It’s the last day of #blogjune 2013, so I guess it’s better late than never 🙂
Con, I am so sorry I asked you this one, although I was intrigued by your answer. But it is HARD. What was I thinking?
If you could invite 6 guests from any time to a dinner party, who would you ask and why? Let’s presume you can choose which age they are when they come, that they are not freaked out totally by all the new technology surrounding them and that they will actually talk and socialise with the other guests.
Like Con, I asked my nearest and dearests, and I was intrigued by Mr10’s suggestion, “Adolf Hitler …. as a baby”. I like that. I think that it would be interesting to have a reminder that even those considered the epitome of evil were once innocent and vulnerable. Maybe it would be nice to ask Gandhi as a baby also and put them on a mat to play together to see what happens. Would Gandhi insist on taking all the toys while vulnerable little Adolf fills his nappy in the corner of the playpen? The mind boggles…
I think I’ll stick with the baby Hitler idea, which leaves five more slots. I am presuming that I could get the guests to talk about what I wanted them to talk about. I am going for an entertaining dinner full of stories that I could never hope to experience otherwise, rather than a pleasant evening full of modest and rather nice people. It looks like I would prefer hearing from people who were rebellious and went against the social mores of their time…
So, my guests would be:
1. Baby Adolf Hitler – let’s say 12 months, so essentially pre-verbal.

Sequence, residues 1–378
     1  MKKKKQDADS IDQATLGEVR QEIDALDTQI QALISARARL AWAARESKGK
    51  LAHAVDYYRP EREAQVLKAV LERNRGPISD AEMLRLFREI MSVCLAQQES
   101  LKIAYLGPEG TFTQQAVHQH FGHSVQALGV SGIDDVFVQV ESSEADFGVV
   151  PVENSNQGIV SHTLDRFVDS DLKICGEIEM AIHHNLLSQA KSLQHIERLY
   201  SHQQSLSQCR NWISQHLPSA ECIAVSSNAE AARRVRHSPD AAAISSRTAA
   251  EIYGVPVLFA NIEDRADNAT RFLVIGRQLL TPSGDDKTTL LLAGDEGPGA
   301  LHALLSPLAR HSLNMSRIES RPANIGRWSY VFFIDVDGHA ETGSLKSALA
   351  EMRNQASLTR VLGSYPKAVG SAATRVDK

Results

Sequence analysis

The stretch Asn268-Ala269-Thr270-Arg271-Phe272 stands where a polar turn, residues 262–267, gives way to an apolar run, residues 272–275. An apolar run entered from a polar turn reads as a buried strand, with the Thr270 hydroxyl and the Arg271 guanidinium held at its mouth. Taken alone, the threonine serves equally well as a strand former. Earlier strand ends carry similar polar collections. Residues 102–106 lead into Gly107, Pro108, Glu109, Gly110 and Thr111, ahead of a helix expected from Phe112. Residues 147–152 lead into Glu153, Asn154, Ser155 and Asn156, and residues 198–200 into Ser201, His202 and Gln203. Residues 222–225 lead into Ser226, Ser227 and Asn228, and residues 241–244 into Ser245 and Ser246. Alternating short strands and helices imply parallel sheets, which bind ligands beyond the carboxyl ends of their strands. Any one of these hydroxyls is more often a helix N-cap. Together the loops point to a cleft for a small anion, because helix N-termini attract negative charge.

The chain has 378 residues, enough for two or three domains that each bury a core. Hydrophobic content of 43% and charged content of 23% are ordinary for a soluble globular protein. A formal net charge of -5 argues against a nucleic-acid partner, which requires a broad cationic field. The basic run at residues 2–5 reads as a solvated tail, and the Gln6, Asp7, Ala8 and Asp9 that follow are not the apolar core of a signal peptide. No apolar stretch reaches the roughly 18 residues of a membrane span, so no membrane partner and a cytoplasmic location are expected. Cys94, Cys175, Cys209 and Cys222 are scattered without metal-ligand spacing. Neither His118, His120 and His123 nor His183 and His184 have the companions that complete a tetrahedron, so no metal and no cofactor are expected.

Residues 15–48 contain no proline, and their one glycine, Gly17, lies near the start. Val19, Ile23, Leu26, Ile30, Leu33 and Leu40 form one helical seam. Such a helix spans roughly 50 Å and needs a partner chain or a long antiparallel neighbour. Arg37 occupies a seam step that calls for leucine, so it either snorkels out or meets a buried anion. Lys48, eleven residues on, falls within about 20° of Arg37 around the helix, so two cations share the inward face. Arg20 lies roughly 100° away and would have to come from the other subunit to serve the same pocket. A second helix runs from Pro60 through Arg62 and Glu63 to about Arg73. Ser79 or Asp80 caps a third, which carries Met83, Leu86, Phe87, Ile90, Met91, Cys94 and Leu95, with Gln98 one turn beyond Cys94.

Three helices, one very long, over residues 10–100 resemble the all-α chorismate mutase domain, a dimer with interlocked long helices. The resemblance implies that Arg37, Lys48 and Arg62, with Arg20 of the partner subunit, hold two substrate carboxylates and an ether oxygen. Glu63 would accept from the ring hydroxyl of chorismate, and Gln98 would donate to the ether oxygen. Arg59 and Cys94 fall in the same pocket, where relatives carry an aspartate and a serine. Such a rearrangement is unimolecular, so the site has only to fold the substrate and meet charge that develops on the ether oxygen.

2. Anais Nin. Author, narcissist and sexual adventurer. For a few hours she would be entertaining company, although if her writing is anything to go on, totally self-absorbed. I would ask either the “living in Paris at the height of experimentation and daringness” Ms Nin or at the very end of her life. I think that meeting with someone who is in the middle of bucking convention and making her way in uncharted territory would be exhilarating. She managed to have two husbands at the end of her life – one on each coast of the USA, so I would be interested to hear how on earth she did it, and whether it was worth it.
3. Freddie Mercury. Singer, song writer … and… oh dear … sexual adventurer. I’d invite the Freddie at the height of success but before the AIDS epidemic had touched the gay community. I would love to hear him compare notes with Anais Nin .
4. Plato. I’d like to find out whether he just made up Socrates as a narrative device for his own philosophy or whether he was just a scribe for his teacher. Also, he is probably the most unlike any of the other guests so may act as a catalyst to bring out other stories or angles that the others may not have considered without his presence.
5. Dorothy Parker from around the 1920s. Fresh from lunch at the Algonquin Round Table , aiming for wit and a pithy comment and likely to have acerbic commentary on every exploit of the other members of the table.
6. Jessica Mitford at the end of her life, as long as she would forgive me for inviting the other women in the prime of their youth… I’d hope she’d talk about her family of eccentric sisters, her work with the American Communist party and then by the end of it all round off with what must be one of the strangest recordings ever – her rendition of the Beatles’ Maxwell’s Silver Hammer .
When I next add a post to this blog – hopefully with less gap than last time, I will be answering Con’s last question to me : “When you were 13, what did you want to be when you grew up?” … and then asking her a hopefully less hairy question.